British actor Tom Holland becomes the third actor in recent years to take on the role of the boy bitten by a radioactive spider (following on from Tobey Maguire and Andrew Garfield) and he’s the best Spider-Man/Peter Parker so far, bursting with fun and happily missing most of the broodiness we’ve come to expect from the web-shooting superhero.
After making his first appearance in the Spidey-suit in 2016’s Captain America: Civil War, school boy Peter is waiting for mentor Tony Stark (Downey Jr) or his assistant Happy (Jon Favreau) to call on him for help once more. When the phone doesn’t ring, Peter decides to catch local New York bad guys on his own and inadvertently stumbles across Toomes (Keaton), who is selling guns made with alien technology (left behind during the Avengers battle in Manhattan) and flying around the city in a Vulture suit.
Writing partners Jonathan Goldstein and John Francis Daley deftly mix Peter’s superhero frustration with some neat teen moments straight out of a John Hughes movie (keep an eye out for the nod to Ferris Bueller’s Day Off) as Peter juggles his slight nerdiness (he’s on the school’s academic quiz team and spends his spare time building Lego Star Wars models with best pal Ned) with his secret Spider-man status (he’d be the coolest guy at the party if everyone knew who he really was, after all) while harbouring a mega-crush on older girl Liz (Laura Harrier). There are some really great touches showing what life as a teen superhero would be like – changing into his costume, Peter always sticks his school backpack to a wall with his web for safe-keeping, only for it to be stolen on a regular basis – and it’s all conveyed perfectly by the charming Holland.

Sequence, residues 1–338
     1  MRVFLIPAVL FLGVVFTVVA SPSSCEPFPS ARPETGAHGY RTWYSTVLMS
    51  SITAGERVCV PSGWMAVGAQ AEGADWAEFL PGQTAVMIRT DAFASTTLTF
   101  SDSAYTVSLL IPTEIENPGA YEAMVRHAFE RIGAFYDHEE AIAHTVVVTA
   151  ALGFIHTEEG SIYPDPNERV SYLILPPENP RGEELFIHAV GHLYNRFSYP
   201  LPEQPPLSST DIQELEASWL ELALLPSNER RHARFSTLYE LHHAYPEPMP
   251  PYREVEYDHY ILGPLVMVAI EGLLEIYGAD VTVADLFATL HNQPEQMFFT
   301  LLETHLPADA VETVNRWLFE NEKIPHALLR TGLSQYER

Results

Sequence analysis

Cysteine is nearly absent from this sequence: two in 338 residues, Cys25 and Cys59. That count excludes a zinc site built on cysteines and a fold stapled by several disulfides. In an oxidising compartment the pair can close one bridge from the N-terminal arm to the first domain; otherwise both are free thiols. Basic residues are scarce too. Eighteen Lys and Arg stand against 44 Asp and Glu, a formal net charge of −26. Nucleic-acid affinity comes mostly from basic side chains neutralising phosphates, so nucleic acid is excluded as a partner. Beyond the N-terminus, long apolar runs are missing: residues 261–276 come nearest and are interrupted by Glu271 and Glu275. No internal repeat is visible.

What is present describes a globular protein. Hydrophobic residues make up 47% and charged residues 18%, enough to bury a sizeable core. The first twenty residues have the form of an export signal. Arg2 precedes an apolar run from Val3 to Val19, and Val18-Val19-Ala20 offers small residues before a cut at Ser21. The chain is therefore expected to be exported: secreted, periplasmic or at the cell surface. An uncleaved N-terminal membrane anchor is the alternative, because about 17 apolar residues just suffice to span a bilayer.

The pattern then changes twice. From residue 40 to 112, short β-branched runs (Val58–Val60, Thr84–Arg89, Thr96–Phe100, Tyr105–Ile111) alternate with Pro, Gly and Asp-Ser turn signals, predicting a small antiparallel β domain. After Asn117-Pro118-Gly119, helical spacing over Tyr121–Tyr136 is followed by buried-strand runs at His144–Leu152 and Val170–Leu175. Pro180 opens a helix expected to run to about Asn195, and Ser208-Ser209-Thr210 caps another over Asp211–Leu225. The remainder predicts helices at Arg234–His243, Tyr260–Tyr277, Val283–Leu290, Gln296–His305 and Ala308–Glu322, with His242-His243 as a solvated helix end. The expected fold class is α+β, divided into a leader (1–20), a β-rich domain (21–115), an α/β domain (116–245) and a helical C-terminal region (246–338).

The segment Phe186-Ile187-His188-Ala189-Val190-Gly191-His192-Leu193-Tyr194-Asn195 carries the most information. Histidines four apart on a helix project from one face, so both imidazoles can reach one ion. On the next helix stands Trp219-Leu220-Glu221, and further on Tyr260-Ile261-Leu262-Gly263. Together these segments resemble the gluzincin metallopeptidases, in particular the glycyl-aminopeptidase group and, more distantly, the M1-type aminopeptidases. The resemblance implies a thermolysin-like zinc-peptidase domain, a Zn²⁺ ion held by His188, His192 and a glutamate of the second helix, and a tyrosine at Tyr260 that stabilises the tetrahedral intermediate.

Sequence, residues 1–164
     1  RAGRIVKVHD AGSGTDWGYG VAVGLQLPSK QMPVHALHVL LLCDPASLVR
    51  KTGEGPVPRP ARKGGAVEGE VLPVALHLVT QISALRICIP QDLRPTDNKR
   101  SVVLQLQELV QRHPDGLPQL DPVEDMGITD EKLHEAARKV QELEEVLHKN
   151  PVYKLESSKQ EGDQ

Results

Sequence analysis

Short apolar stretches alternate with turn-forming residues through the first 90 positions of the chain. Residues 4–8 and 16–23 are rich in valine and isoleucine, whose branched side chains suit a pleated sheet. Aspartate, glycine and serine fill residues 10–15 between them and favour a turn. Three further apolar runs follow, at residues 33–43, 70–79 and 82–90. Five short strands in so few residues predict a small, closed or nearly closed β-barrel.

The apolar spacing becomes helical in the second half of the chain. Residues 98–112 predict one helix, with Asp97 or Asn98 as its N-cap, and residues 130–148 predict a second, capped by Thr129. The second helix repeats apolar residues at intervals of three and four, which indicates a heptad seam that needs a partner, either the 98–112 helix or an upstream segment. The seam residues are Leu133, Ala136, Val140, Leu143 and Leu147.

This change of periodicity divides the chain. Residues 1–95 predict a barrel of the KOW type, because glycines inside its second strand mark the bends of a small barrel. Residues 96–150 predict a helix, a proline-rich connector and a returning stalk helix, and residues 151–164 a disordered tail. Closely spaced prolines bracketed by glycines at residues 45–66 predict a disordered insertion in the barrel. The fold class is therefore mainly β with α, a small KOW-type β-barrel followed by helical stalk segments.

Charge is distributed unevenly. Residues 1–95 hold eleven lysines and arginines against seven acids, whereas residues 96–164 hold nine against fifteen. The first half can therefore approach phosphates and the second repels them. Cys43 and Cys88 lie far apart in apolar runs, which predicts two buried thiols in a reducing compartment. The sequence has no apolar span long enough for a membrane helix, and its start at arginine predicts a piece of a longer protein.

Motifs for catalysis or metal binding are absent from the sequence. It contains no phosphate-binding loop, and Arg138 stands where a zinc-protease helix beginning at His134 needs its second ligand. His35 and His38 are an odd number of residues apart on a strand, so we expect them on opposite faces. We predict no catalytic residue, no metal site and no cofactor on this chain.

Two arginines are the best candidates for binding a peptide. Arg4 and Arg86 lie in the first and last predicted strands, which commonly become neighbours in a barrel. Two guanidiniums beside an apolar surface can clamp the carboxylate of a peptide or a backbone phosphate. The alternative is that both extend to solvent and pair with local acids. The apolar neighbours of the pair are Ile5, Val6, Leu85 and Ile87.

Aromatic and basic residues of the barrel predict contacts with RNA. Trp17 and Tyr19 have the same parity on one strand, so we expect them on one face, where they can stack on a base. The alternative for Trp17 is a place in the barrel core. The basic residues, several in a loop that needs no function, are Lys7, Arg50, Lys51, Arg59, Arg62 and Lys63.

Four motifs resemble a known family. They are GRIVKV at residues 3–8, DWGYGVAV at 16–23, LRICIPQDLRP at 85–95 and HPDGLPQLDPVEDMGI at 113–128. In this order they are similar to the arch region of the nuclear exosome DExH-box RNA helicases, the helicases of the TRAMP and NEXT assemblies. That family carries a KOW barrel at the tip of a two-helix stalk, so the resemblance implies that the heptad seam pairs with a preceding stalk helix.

Of course, there are not just teen traumas but action and baddies, too, and neither disappoints. Keaton, who was an appealing superhero himself in Tim Burton’s first two Batman movies, is a believable and menacing villain (and, in a scene with him in a car that we won’t spoil, is just brilliant) while the action sequences – most notably on the Staten Island Ferry and at the Washington Monument – are fast-paced and slickly done by director Jon Watts and his team.
Of the six Spider-Man movies made in the 21st century, this terrific movie is the best, featuring the most likeable Spidey so far, as well as some funny cameos from another Avenger (make sure you watch to the end of the credits) to add to the fun. Terrific stuff, don’t miss it.
Is Spider-Man: Homecoming suitable for kids? Here are our parents’ notes...
There is a very brief reference to porn, and frequent mild bad language.
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